How Generics save from Boxing

At the method input, we often perform a null test. Someone makes the test as a separate method, so that the code looks cleaner, and gets something like this:

The interesting thing about this test is that I see a frequent use of the object attribute, though you can use generic. Let’s try to replace our method with generic and compare performance.

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Signals in C#

 

Currently, the thread synchronization in С# causes some difficulties, in particular, when passing synchronization primitives between the objects of your application and supporting them in the future.

The current model with Task and IAsyncResult, as well as with TPL, solve all issues through a proper design. However, I would like to create a simple class that allows sending and receiving signals with a thread lock. (more…)

Entity Framework: (anti)pattern Repository

A Repository mediates between the domain and data mapping layers, acting like an in-memory domain object collection. Client objects construct query specifications declaratively and submit them to Repository for satisfaction.

Entity Framework provides us with the actual implementation of the Repository patterns: DbSet<T> and UnitOfWork: DbContext. I often see colleagues using in projects their own implementation of repositories on top of the ones existing in Entity Framework.

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Modular WPF application using Caliburn.Micro and Castle.Windsor

To start with, I want to specify what is meant by a modular application in this article. So, a modular application will be considered an application, which consists of the so-called shell and a set of plug-in modules. There is no direct dependence between them, only via contracts. This allows independently modify each of the components, change their contents, etc. I think everyone knows the advantages of modular architecture.

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Synchronizing database structure between applications

Anyone who has ever developed applications that use a database has probably faced the problem of updating the database structure when the application is deployed and updated.

The most common approach is to create a set of SQL scripts to modify the database structure from version to version. Of course, there are paid tools, but they do not always solve the problem of full automation of the update.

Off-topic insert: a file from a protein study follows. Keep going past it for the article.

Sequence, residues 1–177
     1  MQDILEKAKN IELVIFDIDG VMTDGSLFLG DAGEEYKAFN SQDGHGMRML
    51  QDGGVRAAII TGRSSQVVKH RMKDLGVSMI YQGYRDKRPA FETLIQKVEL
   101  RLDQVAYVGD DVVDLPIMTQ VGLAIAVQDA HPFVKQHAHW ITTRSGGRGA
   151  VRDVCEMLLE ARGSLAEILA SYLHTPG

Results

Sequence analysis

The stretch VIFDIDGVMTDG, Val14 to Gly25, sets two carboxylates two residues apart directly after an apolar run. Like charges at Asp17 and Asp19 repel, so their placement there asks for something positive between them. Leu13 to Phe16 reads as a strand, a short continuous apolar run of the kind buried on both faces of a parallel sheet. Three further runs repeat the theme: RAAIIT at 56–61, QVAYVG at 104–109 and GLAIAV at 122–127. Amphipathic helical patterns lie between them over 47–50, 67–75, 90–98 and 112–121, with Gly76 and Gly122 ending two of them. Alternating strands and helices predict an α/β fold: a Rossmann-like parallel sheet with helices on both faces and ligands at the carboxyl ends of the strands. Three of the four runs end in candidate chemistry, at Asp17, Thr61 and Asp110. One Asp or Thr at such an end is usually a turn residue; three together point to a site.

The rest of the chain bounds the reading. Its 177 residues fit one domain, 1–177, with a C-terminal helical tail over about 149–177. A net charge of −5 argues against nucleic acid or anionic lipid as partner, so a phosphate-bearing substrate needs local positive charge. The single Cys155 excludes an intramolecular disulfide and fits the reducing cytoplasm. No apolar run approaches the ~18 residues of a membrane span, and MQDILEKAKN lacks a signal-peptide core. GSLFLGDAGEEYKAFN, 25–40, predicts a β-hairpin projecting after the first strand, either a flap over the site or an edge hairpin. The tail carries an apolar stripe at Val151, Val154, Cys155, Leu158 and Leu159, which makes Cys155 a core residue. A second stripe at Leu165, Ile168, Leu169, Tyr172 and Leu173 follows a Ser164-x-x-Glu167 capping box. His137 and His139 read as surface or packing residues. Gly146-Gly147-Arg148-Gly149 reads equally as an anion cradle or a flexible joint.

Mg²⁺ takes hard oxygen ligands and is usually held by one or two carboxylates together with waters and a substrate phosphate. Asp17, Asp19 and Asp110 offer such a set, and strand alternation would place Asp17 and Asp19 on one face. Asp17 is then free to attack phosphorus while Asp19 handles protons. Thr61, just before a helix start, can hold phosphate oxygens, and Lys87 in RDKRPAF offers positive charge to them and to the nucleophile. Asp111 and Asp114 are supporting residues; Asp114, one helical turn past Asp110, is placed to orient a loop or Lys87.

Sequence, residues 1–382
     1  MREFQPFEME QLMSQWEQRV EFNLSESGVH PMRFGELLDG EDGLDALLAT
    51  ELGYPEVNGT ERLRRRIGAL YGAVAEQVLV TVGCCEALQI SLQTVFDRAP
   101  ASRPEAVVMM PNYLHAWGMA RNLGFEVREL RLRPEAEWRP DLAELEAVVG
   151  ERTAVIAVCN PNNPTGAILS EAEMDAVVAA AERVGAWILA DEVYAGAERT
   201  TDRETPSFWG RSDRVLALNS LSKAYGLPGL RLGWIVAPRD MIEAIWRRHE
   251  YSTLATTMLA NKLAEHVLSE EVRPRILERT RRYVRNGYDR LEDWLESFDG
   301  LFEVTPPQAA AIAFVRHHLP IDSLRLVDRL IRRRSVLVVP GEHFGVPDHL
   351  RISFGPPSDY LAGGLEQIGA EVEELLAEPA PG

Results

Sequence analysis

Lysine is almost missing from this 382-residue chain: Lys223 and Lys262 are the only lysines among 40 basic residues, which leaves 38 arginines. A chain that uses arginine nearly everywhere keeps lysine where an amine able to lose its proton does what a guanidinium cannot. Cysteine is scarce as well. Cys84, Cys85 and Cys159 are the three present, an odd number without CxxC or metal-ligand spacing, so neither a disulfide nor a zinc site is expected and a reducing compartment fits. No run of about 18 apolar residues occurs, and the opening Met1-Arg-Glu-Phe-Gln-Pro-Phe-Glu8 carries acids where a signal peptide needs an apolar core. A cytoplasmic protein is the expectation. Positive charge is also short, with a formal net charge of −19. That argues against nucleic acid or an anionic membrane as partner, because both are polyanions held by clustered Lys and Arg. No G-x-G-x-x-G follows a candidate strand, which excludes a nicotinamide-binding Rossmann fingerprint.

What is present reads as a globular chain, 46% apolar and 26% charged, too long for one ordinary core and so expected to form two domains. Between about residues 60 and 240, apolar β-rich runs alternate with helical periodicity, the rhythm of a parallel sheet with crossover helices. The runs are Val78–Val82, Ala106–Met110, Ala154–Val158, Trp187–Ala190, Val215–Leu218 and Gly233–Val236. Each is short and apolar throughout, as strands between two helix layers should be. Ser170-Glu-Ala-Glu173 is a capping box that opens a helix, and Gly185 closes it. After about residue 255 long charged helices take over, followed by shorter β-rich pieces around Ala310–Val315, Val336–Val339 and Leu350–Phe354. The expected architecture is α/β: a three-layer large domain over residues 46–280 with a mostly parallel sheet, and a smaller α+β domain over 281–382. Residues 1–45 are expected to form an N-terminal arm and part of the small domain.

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Replacement of Algorithm Testing with Testing of Effects Being Inserted

As I expected, Rule 8 from the article “Rules for Implementing TDD in Old Project” stating that we don’t need to test the algorithm of methods raised many “how” and “why” questions. When writing the previous article, it seemed obvious to me, so I did not go into much details on the matter. In this article, I provide a small sample code and two examples of how it could be tested.

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Rules for Implementing TDD in Old Project

The article “Sliding Responsibility of the Repository Pattern” raised several questions, which are very difficult to answer. Do we need a repository if the complete disregard of technical details is impossible? How complex must the repository be so that its addition can be regarded worth-while? The answer to these questions varies depending on the emphasis placed in the development of systems. Probably the most difficult question is the following: do you even need a repository? The problem of “flowing abstraction” and the growing complexity of coding with an increase in the level of abstraction do not allow to find a solution that would satisfy both sides of the fence. For example, in reporting, intention design leads to the creation of a large number of methods for each filter and sorting, and a generic solution creates a large coding overhead.

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